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Cas City Forum Hall & CAS-L  |  Special Interests - Groups & Societies  |  The Cutting Edge (Moderator: St. George)  |  Topic: WaddWatsonEllis Belduque WIP 0 Members and 1 Guest are viewing this topic. « previous next »
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Author Topic: WaddWatsonEllis Belduque WIP  (Read 36336 times)
Josh Dabney
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« Reply #150 on: April 03, 2010, 11:02:41 pm »

Many times when the end of the wire is near an area where it has to go over a curve in the wood shape it will pop back up on the end that you began with and need to be put back down.   When this happens you've got to work the wire so it forms to the curve of the wood.  If thick enough a couple swats toward the end will sink it but it will be under tension to pop back out on one end or the other so it needs to be "worked" to shape going slowly towards the end with many light taps.




At this stage I really started thinking the design was just a little too busy.  And I didn't really like that the pattern on the butt end reminded me of the Nike Swoosh, LOL.  So I compared with my original pattern and made some changes to un-clutter things just a little and improve the flow.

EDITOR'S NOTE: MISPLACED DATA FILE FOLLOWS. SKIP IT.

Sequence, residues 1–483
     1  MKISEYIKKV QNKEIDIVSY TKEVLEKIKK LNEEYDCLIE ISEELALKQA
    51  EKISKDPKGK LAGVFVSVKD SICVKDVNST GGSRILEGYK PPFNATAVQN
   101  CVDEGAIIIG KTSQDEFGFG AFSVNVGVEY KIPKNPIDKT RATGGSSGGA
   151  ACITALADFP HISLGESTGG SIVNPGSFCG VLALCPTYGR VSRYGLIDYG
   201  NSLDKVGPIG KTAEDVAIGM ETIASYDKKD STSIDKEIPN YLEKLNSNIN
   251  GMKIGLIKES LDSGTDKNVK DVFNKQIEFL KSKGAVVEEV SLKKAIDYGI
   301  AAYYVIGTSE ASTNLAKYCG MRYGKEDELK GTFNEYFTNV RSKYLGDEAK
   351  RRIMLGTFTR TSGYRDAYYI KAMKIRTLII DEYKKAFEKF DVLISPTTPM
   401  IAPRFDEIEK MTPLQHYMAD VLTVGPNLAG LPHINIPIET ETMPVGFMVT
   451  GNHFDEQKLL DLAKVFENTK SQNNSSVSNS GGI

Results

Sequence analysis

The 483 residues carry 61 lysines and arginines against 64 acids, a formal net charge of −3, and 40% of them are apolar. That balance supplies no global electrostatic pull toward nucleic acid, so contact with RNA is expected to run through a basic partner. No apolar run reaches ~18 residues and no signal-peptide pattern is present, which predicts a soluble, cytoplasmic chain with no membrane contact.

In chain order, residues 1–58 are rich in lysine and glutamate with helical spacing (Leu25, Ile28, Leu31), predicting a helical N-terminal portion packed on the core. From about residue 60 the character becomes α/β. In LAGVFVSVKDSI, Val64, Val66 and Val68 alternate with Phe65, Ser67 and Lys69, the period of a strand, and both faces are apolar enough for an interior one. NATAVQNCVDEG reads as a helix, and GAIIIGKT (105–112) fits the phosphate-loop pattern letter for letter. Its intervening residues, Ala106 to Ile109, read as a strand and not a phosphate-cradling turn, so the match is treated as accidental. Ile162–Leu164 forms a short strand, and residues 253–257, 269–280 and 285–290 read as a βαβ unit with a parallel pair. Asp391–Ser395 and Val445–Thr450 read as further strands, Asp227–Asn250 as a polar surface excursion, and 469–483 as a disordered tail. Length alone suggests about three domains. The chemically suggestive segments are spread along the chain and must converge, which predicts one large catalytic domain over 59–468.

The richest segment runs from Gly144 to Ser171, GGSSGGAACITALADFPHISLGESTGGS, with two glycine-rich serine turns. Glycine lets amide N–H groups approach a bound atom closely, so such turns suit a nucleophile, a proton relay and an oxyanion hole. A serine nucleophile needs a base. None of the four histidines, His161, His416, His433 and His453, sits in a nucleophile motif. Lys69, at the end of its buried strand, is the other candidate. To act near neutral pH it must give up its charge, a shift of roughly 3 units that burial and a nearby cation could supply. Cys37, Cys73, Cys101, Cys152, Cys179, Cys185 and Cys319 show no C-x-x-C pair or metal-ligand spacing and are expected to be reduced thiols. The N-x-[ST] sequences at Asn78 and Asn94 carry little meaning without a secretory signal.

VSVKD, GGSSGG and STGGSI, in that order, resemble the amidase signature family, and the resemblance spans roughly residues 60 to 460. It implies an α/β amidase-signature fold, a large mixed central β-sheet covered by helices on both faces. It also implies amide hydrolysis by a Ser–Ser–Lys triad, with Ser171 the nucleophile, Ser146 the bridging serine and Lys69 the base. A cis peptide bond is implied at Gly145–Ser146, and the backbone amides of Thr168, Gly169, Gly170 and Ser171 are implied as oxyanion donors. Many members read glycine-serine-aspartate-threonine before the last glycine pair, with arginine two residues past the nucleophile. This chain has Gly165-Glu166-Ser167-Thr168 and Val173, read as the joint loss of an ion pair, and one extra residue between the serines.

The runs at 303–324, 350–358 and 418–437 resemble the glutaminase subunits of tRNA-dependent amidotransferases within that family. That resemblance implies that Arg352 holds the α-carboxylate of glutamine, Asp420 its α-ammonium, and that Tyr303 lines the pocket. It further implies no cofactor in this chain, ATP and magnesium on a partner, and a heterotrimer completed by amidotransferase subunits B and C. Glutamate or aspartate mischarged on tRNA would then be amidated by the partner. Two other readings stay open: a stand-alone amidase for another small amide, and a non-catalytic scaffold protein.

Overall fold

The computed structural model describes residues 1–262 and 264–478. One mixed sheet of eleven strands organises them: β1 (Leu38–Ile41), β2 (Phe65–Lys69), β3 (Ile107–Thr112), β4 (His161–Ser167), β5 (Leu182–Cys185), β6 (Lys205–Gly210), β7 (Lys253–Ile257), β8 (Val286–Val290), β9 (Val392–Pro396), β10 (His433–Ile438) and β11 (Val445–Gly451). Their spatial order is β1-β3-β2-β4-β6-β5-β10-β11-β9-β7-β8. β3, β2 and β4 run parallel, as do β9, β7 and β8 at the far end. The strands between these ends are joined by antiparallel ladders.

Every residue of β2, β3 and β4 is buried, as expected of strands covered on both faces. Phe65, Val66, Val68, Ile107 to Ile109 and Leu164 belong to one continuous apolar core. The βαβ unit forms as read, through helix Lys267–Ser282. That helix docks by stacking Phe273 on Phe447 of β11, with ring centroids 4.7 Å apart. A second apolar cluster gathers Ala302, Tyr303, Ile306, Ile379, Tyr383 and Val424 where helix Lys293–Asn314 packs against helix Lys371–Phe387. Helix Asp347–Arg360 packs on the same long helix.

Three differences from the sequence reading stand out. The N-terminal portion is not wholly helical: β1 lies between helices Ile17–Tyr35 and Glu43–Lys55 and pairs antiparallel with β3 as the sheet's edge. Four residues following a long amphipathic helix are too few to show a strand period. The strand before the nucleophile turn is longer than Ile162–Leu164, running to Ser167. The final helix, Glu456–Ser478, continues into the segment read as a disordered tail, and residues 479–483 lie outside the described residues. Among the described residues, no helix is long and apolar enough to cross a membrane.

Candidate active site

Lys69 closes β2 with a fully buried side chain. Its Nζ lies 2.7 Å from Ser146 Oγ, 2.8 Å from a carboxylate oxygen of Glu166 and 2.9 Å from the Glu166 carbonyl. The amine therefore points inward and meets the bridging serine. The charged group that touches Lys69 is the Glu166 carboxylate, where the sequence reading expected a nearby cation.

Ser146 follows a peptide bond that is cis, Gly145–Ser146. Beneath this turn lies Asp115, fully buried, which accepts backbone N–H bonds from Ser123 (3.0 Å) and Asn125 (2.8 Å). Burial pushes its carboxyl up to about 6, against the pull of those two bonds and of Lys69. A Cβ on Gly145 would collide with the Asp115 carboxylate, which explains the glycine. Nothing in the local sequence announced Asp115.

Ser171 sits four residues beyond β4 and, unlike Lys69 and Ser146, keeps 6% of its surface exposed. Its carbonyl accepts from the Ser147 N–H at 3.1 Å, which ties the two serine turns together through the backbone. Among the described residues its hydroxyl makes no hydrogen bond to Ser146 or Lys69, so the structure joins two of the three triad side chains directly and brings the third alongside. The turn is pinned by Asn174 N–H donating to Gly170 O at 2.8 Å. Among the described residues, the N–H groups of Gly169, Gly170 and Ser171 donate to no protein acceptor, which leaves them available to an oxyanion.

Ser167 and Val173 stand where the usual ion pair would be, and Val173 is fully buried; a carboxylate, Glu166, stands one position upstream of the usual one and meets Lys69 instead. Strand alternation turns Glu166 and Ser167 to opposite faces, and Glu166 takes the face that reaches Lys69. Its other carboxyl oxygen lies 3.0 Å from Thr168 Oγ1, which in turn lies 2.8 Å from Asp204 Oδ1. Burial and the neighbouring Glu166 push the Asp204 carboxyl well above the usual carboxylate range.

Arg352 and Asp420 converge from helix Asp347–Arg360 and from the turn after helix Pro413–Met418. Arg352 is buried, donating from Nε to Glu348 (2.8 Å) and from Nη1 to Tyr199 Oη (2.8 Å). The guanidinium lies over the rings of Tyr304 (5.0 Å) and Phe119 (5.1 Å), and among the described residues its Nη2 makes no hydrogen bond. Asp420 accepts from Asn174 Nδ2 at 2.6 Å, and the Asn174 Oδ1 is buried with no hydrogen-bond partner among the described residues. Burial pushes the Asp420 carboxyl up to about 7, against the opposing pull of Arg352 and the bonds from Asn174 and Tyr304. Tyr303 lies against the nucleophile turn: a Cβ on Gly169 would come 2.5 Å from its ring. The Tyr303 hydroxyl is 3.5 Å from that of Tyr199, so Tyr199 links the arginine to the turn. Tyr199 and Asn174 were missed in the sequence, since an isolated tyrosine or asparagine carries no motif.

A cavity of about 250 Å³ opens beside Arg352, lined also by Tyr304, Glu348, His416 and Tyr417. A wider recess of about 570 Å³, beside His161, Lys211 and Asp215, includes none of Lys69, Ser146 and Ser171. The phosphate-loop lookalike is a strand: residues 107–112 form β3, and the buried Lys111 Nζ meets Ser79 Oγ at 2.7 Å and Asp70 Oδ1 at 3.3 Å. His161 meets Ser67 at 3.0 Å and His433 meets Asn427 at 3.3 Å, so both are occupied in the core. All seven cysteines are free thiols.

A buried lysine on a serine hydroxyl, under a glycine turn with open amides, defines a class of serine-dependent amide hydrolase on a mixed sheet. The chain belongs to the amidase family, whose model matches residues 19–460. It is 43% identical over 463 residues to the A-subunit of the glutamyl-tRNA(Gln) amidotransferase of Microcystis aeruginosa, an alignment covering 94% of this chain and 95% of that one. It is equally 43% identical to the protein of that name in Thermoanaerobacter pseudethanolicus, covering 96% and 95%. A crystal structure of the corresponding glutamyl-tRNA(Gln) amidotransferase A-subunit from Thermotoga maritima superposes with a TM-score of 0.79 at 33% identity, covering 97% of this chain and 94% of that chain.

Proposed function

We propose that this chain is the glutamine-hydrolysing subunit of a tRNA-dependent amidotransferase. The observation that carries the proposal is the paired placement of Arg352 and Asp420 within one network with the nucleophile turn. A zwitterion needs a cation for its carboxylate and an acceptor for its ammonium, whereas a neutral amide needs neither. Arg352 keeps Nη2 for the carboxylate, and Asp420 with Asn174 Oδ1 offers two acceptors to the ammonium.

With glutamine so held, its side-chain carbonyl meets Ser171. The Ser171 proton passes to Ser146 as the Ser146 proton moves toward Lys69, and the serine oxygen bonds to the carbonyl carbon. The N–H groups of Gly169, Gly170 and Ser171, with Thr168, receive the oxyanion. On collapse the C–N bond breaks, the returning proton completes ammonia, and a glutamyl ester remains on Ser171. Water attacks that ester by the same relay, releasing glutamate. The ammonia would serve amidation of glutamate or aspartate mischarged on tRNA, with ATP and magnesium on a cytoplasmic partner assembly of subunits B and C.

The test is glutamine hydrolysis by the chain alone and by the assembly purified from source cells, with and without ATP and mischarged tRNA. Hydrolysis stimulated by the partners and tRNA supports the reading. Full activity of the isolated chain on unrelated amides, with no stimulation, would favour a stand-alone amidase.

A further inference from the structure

Here I've penciled the changes directly on the handle



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Josh Dabney
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« Reply #151 on: April 03, 2010, 11:13:25 pm »

When doing wire work I like to leave my handle big enough that I'm good to skim a few thousandths off the entire surface to level everything out when done but this area I decided was still just a bit too thick so I marked out the area to be cut down with the file prior to installing the scroll.



Here she is cut down and ready to redraw and install the wire.



This is one of those make or break ya moments that causes ya to sweat bullets.  You should be able to see that my chisle broke off while cutting the scroll.  Digging out a piece of the chisel without mangling up the surrounding wood can be a chore.  I worked on this piece for a good 20 minutes to get it out LUCKILY without damage.